My mother passed away at her home in 2017 at age 93 years old. For more than a year, her health deteriorated at first slowly and then rapidly in the last 6 months of her life. In the final month, my mother stopped talking and stopped to eat and drink. Her doctor was called in to see her at home. The doctor was not optimistic with her medical conditions and mentioned that she won’t last long. He was spot-on.
My brothers, sister and I had to make decisions on her behalf. Decisions such as tube-feeding and sending my mother to hospital were considered. The fortunate thing was that we knew what my mother would want in a situation like this. She would definitely not want to go to a nursing home. We engaged a domestic helper to look after her in her later part of her life.
As for funeral rites, my mother had been telling us for several years what she wanted, precisely down to the number of days to have a wake, the type of funeral rites, cremation instead of burial, where to place her urn and which temple to place her ancestral tablet. She had even bought places in two temples for the purposes many years ago.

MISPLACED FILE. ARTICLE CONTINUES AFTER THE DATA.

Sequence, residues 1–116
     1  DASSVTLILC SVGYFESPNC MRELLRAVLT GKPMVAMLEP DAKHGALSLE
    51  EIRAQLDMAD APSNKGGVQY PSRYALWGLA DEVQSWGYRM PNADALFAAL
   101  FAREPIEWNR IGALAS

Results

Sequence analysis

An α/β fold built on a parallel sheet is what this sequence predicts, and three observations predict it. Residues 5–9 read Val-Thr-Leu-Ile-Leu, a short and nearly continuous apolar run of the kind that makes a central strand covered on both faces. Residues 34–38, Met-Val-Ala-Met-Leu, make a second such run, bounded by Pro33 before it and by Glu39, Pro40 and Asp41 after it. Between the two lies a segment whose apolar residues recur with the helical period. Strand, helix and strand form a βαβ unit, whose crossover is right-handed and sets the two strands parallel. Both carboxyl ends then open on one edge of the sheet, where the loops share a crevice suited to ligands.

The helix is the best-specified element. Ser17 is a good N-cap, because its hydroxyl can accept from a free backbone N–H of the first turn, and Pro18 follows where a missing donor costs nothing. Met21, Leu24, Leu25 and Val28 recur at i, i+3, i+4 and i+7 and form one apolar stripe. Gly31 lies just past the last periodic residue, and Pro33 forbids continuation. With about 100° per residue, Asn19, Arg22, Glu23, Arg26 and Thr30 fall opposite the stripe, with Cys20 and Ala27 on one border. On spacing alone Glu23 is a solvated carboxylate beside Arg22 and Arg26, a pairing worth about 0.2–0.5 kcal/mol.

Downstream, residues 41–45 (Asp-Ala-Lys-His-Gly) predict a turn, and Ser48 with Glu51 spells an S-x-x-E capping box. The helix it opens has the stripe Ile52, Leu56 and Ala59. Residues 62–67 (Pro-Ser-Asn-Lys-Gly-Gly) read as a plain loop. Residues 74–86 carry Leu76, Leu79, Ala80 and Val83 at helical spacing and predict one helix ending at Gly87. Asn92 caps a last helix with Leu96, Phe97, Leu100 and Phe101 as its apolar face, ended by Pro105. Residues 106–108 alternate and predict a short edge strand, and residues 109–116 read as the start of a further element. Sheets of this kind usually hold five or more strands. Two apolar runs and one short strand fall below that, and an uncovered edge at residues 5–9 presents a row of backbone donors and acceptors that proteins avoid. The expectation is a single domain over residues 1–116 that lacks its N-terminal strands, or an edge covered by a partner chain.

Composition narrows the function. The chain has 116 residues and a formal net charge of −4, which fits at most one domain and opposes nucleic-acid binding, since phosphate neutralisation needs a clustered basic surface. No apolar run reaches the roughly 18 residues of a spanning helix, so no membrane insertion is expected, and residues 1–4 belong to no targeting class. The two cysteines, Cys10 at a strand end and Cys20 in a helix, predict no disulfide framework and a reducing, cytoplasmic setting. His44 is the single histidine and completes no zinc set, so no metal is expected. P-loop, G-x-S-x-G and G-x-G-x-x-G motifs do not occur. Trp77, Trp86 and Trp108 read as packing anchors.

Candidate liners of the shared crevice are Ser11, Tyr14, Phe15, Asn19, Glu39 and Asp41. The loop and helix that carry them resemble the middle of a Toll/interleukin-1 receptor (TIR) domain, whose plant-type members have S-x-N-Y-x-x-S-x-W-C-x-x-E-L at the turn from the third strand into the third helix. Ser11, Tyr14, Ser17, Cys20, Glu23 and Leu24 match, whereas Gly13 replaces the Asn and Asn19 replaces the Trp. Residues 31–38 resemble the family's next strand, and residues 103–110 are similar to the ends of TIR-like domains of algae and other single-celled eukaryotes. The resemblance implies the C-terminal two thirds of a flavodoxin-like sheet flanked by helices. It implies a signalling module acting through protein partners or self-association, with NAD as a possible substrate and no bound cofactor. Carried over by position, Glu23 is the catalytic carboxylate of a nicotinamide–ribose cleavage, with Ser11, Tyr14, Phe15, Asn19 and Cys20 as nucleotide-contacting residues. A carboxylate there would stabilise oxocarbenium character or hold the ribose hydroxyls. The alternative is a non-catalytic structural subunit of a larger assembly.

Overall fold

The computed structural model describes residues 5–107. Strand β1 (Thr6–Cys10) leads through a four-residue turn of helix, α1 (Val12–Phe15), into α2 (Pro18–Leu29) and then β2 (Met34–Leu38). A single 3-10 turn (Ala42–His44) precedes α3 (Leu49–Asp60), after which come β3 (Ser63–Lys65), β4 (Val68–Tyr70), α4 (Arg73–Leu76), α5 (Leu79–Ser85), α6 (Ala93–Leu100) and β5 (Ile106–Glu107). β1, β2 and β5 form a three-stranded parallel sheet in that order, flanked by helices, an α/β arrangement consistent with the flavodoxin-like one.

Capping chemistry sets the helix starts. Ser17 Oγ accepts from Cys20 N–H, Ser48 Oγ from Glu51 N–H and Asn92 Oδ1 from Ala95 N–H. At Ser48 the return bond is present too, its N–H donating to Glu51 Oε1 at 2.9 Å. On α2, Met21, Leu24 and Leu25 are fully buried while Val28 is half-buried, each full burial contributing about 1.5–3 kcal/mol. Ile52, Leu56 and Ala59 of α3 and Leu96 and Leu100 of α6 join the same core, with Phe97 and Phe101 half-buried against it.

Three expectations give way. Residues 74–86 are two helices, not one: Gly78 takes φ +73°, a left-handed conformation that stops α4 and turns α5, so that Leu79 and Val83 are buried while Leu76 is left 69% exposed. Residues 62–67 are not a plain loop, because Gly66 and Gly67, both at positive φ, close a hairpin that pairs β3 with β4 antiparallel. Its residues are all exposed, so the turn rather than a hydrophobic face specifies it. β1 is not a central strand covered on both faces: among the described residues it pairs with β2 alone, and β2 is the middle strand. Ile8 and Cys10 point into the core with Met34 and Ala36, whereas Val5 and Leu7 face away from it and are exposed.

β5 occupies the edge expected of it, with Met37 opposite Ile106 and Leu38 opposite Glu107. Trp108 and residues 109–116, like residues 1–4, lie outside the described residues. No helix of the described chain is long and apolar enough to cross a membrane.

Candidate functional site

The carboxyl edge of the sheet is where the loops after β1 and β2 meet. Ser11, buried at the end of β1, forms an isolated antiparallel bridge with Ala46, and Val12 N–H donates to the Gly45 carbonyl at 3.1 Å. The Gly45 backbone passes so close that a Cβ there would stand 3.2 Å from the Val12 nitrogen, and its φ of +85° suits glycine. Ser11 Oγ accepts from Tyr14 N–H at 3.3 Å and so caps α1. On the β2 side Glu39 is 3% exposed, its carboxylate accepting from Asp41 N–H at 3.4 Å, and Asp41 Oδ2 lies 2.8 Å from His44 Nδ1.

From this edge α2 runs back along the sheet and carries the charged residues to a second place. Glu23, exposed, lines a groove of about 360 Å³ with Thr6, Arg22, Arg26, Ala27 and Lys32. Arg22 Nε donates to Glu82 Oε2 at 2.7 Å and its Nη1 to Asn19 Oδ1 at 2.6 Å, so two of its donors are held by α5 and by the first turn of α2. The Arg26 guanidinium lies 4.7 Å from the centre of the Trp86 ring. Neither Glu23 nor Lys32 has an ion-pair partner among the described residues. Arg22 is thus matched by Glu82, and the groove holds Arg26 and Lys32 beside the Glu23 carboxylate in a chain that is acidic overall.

My mother started this kind of conversation early with all her children and my siblings and I had no issues with carrying out her wishes. What was less certain was determining the medical care she would like during the last months of her life.
Everyone faces the end of life. It can strike at anytime. In order to ease the burden on our children taking care of us, we should at least talk about medical care we want and about dying. This is where the Advance Care Planning (ACP) can help. It has a downloadable workbook one can use to guide us in this conversation.
It is often an emotional matter when one is faced with making decisions for the loved ones. Even when a person has only one child, he/she may have close relatives who may want to have a say in such matters. If the person’s wishes were not made known, then there could arise unpleasant disagreements.
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